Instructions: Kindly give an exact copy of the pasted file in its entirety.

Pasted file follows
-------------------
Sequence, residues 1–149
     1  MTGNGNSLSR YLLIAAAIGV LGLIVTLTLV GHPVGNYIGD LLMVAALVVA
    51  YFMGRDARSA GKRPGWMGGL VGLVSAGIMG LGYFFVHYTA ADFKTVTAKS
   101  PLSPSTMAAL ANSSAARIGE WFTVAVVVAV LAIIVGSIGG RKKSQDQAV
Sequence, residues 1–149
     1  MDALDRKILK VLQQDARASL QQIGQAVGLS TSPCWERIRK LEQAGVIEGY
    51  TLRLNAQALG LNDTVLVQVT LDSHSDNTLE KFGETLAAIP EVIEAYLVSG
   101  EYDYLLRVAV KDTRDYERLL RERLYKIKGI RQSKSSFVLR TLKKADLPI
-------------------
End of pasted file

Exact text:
Sequence, residues 1–149
     1  MTGNGNSLSR YLLIAAAIGV LGLIVTLTLV GHPVGNYIGD LLMVAALVVA
    51  YFMGRDARSA GKRPGWMGGL VGLVSAGIMG LGYFFVHYTA ADFKTVTAKS
   101  PLSPSTMAAL ANSSAARIGE WFTVAVVVAV LAIIVGSIGG RKKSQDQAV
Sequence, residues 1–149
     1  MDALDRKILK VLQQDARASL QQIGQAVGLS TSPCWERIRK LEQAGVIEGY
    51  TLRLNAQALG LNDTVLVQVT LDSHSDNTLE KFGETLAAIP EVIEAYLVSG
   101  EYDYLLRVAV KDTRDYERLL RERLYKIKGI RQSKSSFVLR TLKKADLPI